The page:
1. Home

Discuss in my forum

What is Badminton?

An Outdoor Game Like Tennis, But Less Competitive


What is Badminton?

A backyard game of badminton.

© Andrew Malone, flickr
It's a racquet sport that you can play in your own yard, with a simple stringed net, some racquets, and shuttlecocks (aka birdies). While badminton became an official Olympic sport in 1992, it's still an easy, inexpensive game to play at home parties, barbecues and when friends and family gather for some good times.

A Brief History of Badminton

Like many games, a form of badminton was played in ancient Greece and Egypt. In 18th-century India, the game was called Poona, and British officers stationed there brought the game to England when they returned in the 1860s. The sport was introduced at a party given by the Duke of Beaufort at his country estate, Badminton, in Gloucestershire. From there, it was referred to as the game of Badminton, and shortened to badminton. The game spread to the United States and other countries. During the early 20th century, Hollywood's own royalty, including actors James Cagney and Bette Davis, were photographed playing the game, or at least pretending to play the game.

Setting up the Court

Let's get this clear: you don't need an actual court. That said, an official badminton court is 17 feet by 44 feet for a singles match, and 20 feet by 44 feet for a doubles match. A 30-inch-deep, 5-foot-high net divides the court in half. Long and short service lines demarcate the service court (the part where you actually play). The short service line is located 6-1/2 feet back from the net. With doubles, the long service line is 19-1/2 feet back from the net; in singles play it's 22 feet from the net.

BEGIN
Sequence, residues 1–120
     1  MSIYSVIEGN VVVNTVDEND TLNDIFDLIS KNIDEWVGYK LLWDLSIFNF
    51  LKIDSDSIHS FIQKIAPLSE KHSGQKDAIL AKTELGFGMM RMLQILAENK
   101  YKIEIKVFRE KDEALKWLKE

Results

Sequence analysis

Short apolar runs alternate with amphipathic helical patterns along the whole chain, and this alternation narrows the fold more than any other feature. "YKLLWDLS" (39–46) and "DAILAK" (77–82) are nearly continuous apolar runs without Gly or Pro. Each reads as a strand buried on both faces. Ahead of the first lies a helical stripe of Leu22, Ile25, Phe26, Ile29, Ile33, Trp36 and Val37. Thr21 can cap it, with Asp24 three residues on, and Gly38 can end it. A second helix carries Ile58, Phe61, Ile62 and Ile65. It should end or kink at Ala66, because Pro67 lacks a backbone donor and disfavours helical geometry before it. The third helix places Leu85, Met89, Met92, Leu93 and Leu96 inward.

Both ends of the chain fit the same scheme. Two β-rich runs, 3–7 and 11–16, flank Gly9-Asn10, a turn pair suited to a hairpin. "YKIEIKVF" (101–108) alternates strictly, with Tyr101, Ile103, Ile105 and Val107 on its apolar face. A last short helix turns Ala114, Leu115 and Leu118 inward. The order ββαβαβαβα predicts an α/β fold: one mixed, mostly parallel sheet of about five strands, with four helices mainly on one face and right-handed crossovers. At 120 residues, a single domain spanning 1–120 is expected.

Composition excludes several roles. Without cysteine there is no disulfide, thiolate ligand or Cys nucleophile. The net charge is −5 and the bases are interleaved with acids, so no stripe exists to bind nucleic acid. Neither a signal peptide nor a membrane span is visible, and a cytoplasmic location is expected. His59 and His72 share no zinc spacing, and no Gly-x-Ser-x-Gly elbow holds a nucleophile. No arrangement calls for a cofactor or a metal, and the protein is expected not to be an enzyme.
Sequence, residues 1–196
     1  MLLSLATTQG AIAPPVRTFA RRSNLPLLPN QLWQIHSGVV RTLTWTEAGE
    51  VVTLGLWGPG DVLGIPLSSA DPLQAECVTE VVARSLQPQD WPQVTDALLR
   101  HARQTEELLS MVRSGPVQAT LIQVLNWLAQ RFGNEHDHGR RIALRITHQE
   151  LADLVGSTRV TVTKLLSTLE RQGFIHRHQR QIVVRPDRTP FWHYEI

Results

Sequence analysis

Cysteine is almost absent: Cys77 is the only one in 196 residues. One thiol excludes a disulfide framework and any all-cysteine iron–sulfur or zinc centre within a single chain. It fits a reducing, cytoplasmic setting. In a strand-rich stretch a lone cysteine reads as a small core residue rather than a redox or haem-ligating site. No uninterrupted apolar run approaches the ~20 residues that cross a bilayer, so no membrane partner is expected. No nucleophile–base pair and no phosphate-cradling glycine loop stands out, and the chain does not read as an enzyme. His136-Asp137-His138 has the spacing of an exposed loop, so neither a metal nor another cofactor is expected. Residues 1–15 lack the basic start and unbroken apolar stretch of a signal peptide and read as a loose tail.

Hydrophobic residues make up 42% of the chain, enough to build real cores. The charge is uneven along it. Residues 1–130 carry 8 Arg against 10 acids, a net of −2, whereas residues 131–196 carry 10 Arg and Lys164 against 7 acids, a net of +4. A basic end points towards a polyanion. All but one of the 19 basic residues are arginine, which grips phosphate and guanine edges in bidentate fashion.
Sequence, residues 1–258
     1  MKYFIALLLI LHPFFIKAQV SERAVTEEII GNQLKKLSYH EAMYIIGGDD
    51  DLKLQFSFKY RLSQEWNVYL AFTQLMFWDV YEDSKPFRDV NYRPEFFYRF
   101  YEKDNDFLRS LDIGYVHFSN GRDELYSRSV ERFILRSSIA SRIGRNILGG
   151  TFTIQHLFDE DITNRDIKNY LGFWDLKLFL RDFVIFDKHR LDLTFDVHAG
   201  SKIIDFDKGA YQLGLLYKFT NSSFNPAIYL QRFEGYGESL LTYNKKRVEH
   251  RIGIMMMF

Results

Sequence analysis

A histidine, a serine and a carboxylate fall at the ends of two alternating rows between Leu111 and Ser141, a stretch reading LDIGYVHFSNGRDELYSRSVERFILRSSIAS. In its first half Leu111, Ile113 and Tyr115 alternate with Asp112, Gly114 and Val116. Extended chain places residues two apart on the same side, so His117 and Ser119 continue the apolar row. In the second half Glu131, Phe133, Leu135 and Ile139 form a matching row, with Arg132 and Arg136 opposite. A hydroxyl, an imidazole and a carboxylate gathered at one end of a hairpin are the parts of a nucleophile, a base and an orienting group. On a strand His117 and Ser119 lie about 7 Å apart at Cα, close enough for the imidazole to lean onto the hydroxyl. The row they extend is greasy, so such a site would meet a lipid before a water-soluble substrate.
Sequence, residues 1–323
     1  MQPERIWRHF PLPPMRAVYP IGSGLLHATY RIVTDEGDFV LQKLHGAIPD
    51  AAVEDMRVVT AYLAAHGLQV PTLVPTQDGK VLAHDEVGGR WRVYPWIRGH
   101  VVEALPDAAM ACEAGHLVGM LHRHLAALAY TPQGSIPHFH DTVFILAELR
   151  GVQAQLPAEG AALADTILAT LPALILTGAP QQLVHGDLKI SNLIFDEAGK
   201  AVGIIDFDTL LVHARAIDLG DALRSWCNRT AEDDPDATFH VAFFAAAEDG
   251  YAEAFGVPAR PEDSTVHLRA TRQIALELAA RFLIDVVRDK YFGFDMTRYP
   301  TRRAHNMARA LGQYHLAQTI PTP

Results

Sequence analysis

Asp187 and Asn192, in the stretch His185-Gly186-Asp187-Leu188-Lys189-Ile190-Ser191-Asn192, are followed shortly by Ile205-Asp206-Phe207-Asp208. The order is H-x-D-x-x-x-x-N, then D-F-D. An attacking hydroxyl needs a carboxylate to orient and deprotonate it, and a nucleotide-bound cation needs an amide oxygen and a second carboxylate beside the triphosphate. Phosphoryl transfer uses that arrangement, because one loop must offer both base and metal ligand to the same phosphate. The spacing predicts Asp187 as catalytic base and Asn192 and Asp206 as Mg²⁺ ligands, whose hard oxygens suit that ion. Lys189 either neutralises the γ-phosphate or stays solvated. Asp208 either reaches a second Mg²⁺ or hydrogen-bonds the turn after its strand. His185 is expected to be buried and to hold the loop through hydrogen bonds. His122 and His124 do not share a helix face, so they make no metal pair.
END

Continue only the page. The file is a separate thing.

Since your backyard badminton court won't be used for the Olympics, you can adjust the court to fit the size of your yard.

Playing the Game

The object of badminton is to hit the shuttlecock -- that small rounded piece of rubber or cork crowned with feathers (or made of plastic) -- over the net and inside the opposite court so that the opponent cannot return it. The server calls out the score before serving, then hits the shuttlecock with an underhand serve, preferably diagonally into the opposite court. The opponent must hit the shuttlecock over the net before it touches the ground. If the opponent doesn't hit the shuttlecock or hits it out of bounds, the server wins one point and gets to serve again. If the opponent does hit the shuttlecock back over the net and it hits the ground before the server hits it, then nobody scores points and the opponent gets to serves. Most badminton games go to 15 points.

©2014 About.com. All rights reserved.